SC Dents Its Credibility By Tolerating Recalcitrants Like Justice CS Karnan
On the mistaken, notion that judges can only be appointed by themselves to retain independence (through the opaque collegium), the Supreme Court has essentially reduced its independence, for it will now be accountable for everything that happens in the legal system, even if it is not its fault.
The judiciary’s efforts to retain power without accountability – as evident in the National Judicial Appointments Tribunal verdict, where it chose to override the will of the people by striking down the law – is now coming back to bite it in the butt.
On the mistaken, or self-serving, notion that judges can only be appointed by themselves to retain independence (through the opaque collegium), the Supreme Court has essentially reduced its independence, for it will now be accountable for everything that happens in the legal system, even if it is not its fault. When you are accountable only to yourself, you are responsible for everything that goes wrong in the system.
A case in point is Justice CS Karnan, a recalcitrant judge of the Madras High Court who created legal chaos in 2015 when he repeatedly flouted the orders of the court’s Chief Justice, Sanjay Kaul. At one stage, he even stayed the order for his own transfer to the Calcutta High Court. A bit later, when it seemed like the Supreme Court was losing patience with him, he agreed to the transfer, but also chose to challenge it in the apex court. At another point, he even threatened to file a case of against the Madras High Court Chief Justice under the law to prevent atrocities against SC/ST. (Read here). By choosing to hear the case against its own transfer of Justice Karnan, the apex court gave him too much of leeway. In a sense, Justice Karnan is also challenging the collegium’s rights to transfer him.
Clearly, Justice Karnan has used the Dalit card to cock a snook at the law that he is supposed to administer impartially.
Belatedly, the Supreme Court on Tuesday (7 February) decided to file contempt of court proceedings against this judge, who has flouted every guideline of decorous behaviour.
The court has set up a seven-judge constitutional bench headed by Chief Justice JS Khehar to decide the Karnan case, but even assuming it does decide he is in contempt, the constitution does not allow the judiciary to sack judges. Upper judiciary judges can only be removed by impeachment through a two-thirds majority in parliament. At best, the bench can recommend to parliament to impeach Justice Karnan, but who knows, in parliament he might well play his Dalit card to the political gallery, and paint himself as a victim of caste prejudice, which is manifestly not the case. It is not clear that politicians will be bold enough to impeach him when accused of caste prejudice. The BJP, wooing the Dalit vote, may well be chary of sacking him, and so will other parties. When even the court has given Justice Karnan such a long rope, what is the chance that parliament will not do so?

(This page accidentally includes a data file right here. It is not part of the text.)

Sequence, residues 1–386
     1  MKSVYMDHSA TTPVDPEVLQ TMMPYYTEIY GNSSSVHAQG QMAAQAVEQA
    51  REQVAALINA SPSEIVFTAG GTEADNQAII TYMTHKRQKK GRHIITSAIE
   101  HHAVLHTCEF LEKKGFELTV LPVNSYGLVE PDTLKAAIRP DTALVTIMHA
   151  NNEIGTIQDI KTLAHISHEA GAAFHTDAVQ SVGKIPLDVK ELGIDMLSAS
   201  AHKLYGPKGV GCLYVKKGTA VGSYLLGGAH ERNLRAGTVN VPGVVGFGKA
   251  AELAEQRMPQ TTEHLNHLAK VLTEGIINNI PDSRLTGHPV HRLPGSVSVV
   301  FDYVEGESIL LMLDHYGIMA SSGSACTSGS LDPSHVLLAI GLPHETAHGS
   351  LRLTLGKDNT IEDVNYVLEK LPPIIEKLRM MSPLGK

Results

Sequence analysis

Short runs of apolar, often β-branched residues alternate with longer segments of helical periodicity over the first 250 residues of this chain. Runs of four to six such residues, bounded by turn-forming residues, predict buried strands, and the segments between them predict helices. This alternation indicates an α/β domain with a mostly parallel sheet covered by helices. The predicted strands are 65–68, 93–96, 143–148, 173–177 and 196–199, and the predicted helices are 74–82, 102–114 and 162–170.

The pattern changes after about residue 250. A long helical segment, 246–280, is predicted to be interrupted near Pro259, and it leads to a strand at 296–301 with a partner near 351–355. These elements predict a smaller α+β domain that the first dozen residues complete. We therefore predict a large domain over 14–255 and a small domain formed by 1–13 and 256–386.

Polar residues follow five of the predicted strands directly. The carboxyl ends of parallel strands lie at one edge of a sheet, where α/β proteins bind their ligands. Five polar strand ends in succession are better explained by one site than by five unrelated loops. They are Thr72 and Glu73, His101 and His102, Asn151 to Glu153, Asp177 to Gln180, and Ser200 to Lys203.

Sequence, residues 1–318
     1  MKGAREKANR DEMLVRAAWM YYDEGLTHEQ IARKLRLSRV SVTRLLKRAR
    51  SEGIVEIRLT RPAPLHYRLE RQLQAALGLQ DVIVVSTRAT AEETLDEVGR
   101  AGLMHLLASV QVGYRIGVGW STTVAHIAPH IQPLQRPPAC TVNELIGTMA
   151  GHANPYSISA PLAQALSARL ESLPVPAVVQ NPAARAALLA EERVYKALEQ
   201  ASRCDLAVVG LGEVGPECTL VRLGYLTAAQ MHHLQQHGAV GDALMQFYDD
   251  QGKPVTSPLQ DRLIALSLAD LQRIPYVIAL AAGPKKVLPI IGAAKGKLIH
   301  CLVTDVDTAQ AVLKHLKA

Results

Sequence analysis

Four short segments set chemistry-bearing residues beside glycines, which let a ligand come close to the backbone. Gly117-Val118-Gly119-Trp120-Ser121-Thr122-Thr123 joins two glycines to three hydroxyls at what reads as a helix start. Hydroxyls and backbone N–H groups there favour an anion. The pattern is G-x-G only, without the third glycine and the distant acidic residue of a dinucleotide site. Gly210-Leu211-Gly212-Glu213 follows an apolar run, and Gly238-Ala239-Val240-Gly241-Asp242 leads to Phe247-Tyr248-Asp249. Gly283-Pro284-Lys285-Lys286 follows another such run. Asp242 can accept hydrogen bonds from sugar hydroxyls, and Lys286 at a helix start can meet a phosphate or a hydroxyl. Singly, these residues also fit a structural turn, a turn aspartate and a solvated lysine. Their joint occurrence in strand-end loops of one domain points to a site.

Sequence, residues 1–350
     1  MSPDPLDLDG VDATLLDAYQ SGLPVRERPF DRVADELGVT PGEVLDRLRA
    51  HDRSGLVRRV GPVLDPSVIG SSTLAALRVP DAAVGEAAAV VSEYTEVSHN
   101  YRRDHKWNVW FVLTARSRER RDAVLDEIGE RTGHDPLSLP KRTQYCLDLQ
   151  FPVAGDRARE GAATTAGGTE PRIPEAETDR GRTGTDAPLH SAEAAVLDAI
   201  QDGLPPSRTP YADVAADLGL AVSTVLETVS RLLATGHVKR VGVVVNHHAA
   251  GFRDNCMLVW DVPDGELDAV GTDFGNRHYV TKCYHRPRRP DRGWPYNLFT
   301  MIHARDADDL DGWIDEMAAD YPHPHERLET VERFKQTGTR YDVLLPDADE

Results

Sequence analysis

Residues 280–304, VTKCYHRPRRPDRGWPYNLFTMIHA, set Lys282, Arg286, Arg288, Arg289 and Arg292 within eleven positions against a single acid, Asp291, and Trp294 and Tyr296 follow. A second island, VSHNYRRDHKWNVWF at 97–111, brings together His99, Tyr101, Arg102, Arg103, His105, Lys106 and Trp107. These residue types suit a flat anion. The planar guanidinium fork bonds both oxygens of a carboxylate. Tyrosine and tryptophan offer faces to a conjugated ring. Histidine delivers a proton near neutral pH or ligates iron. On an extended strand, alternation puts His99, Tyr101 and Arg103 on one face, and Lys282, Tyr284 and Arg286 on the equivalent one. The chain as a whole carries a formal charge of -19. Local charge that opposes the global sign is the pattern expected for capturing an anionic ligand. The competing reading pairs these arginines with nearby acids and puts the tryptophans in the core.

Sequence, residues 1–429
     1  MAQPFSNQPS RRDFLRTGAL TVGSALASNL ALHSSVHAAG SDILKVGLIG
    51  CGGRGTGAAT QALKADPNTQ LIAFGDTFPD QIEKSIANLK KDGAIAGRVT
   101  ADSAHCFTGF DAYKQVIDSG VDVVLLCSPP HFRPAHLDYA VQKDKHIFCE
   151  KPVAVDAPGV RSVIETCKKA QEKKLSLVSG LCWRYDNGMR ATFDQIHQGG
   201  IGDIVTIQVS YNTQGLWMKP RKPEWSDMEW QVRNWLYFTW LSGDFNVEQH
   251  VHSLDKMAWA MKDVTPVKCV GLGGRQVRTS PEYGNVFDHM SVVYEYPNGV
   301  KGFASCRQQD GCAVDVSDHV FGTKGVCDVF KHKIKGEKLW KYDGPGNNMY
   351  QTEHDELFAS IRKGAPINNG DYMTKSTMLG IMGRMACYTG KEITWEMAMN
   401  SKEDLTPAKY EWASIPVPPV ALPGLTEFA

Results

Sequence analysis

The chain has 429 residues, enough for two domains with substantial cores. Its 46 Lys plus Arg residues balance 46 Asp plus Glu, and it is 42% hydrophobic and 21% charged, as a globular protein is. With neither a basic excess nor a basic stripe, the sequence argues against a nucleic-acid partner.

The only other way for the Supreme Court to get rid of him is by initiating his ouster, but this would be a huge misuse of the law. If the court has already bent the constitution to suggest that it is the collegium that will appoint judges, can it, by the same token, decide that it can recommend the sacking of judges? One can’t rule that out, since this is a constitutional bench.
The reality is that the court has failed to discipline either the upper or lower judiciary, and not least the lawyer fraternity – who are often a law unto themselves. In Chennai, lawyers have in the past agitated against the Chief Justice, and one report suggested that gangs of lawyers are running a racket to extort money from clients.
Since the judiciary has chosen to be its own final selection panel and arbiter, blame for law-breaking and indiscipline in the judiciary rests with it. How can it claim to be independent when it can’t discipline its own flock, both in the judiciary and among the legal fraternity? Isn’t it in the judiciary’s own interest important to have an arm’s-length distance from judicial appointments and removals? Moreover, if judges like CS Karnan can easily slip through the collegium system, what is its credibility?
Three points seem self-evident.
One, the judiciary should accept an independent body to recommend and suggest judicial transfers, no doubt with the concurrence of the top judges.
Two, we badly need a judicial accountability bill, both to set norms for judicial behaviour and to recommend actions against recalcitrants like Justice Karnan.
Three, impeachment by parliament should not be the only way to remove crooked and rogue judges. An intermediary stage of vetting by a non-political body of jurists will help the judiciary distance itself from the consequences of such decisions, which may have political ramifications.On the mistaken, or self-serving, notion that judges can only be appointed by themselves to retain independence (through the opaque collegium), the Supreme Court has essentially reduced its independence, for it will now be accountable for everything that happens in the legal system, even if it is not its fault. When you are accountable only to yourself, you are responsible for everything that goes wrong in the system.
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